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August 24, 2006
Suggestion: shortcut for 'new X'
How about this:

    Obj obj1 = new Obj;
    Obj obj2 = new Obj(10);

could be reduced to:

    Obj obj1 = new;
    Obj obj2 = new(10);

This way only one class name would be required per variable. (That is, one  
at maximum: "Obj obj1 = new, obj2 = new(10);" is also valid of course.)  
Redundance would be reduced.

I know, it looked quite 'odd' for me too at first, but now it looks very  
natural, and even clearer than the longer way.


I'm not sure if using of this syntax should be possible outside the  
variable declarations. Later in a code "obj1 = new;" is less informative  
than "obj1 = new Obj;". However, someone may like it too... it's up to a  
programmer how to code (which is not always a good thing(tm) though).
August 24, 2006
Re: Suggestion: shortcut for 'new X'
Kristian wrote:
> How about this:
> 
>     Obj obj1 = new Obj;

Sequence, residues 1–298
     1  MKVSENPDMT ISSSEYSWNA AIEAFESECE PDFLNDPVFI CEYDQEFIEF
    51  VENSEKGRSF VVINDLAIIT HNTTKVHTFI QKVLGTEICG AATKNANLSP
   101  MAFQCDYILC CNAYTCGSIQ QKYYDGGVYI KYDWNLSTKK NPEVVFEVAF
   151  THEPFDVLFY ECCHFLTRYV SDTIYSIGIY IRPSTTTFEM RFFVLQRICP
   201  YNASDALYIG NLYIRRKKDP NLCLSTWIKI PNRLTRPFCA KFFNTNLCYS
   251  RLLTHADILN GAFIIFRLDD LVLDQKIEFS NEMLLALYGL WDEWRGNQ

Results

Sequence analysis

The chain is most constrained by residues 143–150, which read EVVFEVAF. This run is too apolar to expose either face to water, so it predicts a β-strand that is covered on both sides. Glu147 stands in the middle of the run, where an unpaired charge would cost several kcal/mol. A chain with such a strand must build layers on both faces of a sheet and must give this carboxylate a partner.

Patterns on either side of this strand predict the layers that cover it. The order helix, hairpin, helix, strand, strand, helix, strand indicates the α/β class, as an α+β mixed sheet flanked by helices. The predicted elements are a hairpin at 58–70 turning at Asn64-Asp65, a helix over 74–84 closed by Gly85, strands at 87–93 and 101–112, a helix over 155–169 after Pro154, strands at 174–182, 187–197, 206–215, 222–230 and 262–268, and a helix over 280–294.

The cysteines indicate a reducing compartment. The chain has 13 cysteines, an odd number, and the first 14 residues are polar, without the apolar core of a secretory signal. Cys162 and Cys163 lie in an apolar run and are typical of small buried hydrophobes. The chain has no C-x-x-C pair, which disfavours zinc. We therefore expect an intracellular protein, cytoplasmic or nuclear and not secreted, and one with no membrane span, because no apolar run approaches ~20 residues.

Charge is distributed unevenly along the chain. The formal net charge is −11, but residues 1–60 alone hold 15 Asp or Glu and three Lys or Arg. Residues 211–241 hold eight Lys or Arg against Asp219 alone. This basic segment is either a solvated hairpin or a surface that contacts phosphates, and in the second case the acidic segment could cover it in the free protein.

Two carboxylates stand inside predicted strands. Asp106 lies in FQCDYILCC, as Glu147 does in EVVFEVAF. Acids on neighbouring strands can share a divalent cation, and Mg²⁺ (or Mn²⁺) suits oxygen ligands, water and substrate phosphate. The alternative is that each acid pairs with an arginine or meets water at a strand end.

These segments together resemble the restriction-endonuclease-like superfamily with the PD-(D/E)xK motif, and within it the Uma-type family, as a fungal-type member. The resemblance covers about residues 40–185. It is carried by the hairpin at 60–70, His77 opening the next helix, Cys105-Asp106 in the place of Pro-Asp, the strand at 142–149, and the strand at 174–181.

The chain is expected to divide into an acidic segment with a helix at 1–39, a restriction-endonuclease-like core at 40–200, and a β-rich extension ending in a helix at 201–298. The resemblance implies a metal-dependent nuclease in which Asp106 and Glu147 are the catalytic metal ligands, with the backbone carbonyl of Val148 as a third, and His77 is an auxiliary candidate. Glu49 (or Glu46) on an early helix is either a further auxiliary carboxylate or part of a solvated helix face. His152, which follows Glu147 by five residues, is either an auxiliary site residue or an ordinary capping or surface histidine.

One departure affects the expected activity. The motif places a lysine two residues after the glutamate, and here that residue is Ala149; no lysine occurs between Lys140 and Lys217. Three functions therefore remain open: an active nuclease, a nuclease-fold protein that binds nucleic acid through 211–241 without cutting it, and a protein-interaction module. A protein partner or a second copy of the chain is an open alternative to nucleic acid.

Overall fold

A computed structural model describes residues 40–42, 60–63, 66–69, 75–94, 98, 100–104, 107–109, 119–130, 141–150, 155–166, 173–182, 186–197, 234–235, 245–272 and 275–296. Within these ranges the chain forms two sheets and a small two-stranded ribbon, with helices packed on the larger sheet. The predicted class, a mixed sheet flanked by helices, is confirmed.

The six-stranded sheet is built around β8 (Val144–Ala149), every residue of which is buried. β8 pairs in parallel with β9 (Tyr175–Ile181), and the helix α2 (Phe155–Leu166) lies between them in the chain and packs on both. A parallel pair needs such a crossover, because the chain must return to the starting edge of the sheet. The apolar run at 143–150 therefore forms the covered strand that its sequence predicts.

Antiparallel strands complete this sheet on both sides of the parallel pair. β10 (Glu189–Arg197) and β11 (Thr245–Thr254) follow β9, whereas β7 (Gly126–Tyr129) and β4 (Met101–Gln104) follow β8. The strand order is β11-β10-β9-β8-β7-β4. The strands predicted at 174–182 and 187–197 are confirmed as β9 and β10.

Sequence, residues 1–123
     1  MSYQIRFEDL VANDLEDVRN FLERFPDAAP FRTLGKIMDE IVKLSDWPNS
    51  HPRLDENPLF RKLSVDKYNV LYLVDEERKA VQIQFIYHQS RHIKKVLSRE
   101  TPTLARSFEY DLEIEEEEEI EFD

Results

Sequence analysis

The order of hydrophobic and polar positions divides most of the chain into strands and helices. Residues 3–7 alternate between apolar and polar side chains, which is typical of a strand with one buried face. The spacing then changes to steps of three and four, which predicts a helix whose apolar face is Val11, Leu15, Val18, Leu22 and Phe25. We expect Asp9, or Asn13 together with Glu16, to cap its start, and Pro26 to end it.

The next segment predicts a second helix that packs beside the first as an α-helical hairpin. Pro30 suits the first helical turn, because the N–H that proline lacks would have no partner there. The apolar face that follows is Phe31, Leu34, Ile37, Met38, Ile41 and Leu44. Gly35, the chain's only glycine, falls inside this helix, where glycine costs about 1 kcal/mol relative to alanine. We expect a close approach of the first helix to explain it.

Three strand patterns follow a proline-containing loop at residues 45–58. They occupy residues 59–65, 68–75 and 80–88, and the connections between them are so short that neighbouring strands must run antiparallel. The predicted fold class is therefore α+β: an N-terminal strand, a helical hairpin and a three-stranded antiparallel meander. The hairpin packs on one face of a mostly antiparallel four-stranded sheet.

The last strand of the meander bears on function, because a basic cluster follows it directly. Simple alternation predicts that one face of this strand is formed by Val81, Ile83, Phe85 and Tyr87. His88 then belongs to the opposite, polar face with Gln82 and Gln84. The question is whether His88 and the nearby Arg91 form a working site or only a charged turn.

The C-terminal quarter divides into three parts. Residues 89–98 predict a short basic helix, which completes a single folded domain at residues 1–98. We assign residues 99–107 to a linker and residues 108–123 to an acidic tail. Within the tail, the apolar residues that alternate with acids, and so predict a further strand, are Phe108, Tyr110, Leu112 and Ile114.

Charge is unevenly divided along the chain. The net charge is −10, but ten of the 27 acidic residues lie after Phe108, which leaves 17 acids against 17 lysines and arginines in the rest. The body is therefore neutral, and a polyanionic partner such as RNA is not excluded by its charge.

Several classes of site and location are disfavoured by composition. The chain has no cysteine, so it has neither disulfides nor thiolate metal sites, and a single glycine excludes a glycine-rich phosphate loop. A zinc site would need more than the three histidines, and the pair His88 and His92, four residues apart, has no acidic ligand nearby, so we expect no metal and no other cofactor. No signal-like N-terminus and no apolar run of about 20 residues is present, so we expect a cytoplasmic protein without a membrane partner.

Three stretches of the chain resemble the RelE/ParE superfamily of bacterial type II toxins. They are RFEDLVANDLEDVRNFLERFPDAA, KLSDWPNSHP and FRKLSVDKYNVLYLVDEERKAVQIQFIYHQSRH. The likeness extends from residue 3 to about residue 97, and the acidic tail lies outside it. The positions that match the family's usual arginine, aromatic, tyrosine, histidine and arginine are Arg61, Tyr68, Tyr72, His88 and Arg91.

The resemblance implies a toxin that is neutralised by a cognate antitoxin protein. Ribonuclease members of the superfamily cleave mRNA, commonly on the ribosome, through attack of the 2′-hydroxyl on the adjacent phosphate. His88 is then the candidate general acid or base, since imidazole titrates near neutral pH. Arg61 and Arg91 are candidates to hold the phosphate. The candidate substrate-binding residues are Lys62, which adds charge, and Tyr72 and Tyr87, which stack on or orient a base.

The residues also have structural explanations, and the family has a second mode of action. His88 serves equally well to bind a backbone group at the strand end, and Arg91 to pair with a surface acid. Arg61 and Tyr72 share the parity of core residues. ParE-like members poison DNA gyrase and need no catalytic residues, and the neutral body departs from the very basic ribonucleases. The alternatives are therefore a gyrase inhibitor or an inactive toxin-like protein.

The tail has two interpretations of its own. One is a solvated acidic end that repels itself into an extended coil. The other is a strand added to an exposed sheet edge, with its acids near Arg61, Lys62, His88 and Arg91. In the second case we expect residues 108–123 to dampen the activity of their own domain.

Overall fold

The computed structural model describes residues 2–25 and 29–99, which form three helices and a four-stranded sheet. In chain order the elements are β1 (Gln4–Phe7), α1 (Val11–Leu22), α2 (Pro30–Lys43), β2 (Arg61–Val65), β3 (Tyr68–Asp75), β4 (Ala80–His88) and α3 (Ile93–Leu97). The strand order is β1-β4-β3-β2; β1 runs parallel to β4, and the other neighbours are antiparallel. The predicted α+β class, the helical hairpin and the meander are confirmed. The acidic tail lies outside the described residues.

>     Obj obj2 = new Obj(10);
> 
> could be reduced to:
> 
>     Obj obj1 = new;
>     Obj obj2 = new(10);
> 
> This way only one class name would be required per variable. (That is, 
> one at maximum: "Obj obj1 = new, obj2 = new(10);" is also valid of 
> course.) Redundance would be reduced.

You can already do:

auto obj1 = new Obj;
auto obj2 = new Obj(10);

which takes care of the redundant Obj.
August 24, 2006
Re: Suggestion: shortcut for 'new X'
On Thu, 24 Aug 2006 18:10:12 +0300, Oskar Linde  
<oskar.lindeREM@OVEgmail.com> wrote:

> Kristian wrote:
>> How about this:
>>      Obj obj1 = new Obj;
>>     Obj obj2 = new Obj(10);
>>  could be reduced to:
>>      Obj obj1 = new;
>>     Obj obj2 = new(10);
>>  This way only one class name would be required per variable. (That is,  
>> one at maximum: "Obj obj1 = new, obj2 = new(10);" is also valid of  
>> course.) Redundance would be reduced.
>
> You can already do:
>
> auto obj1 = new Obj;
> auto obj2 = new Obj(10);
>
> which takes care of the redundant Obj.

Yes, and it's nice.
But you cannot always use auto.

Obj func() {
    Obj ret = new;

    ret.doSomething();
    ...
    return(ret);
}

That would be nice too. :)
August 24, 2006
Re: Suggestion: shortcut for 'new X'
Kristian wrote:
> On Thu, 24 Aug 2006 18:10:12 +0300, Oskar Linde  
> <oskar.lindeREM@OVEgmail.com> wrote:
> 
>> Kristian wrote:
>>
>>> How about this:
>>>      Obj obj1 = new Obj;
>>>     Obj obj2 = new Obj(10);
>>>  could be reduced to:
>>>      Obj obj1 = new;